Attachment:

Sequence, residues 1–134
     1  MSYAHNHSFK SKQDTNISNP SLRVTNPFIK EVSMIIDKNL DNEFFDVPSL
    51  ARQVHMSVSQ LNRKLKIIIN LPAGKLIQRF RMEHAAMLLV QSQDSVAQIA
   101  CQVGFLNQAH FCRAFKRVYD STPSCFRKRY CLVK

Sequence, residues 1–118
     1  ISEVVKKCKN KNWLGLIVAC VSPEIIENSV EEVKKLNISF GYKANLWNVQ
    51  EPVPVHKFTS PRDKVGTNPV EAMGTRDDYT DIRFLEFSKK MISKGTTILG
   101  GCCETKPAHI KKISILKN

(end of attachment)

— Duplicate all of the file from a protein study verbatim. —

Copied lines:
Sequence, residues 1–134
     1  MSYAHNHSFK SKQDTNISNP SLRVTNPFIK EVSMIIDKNL DNEFFDVPSL
    51  ARQVHMSVSQ LNRKLKIIIN LPAGKLIQRF RMEHAAMLLV QSQDSVAQIA
   101  CQVGFLNQAH FCRAFKRVYD STPSCFRKRY CLVK

Sequence, residues 1–118
     1  ISEVVKKCKN KNWLGLIVAC VSPEIIENSV EEVKKLNISF GYKANLWNVQ
    51  EPVPVHKFTS PRDKVGTNPV EAMGTRDDYT DIRFLEFSKK MISKGTTILG
   101  GCCETKPAHI KKISILKN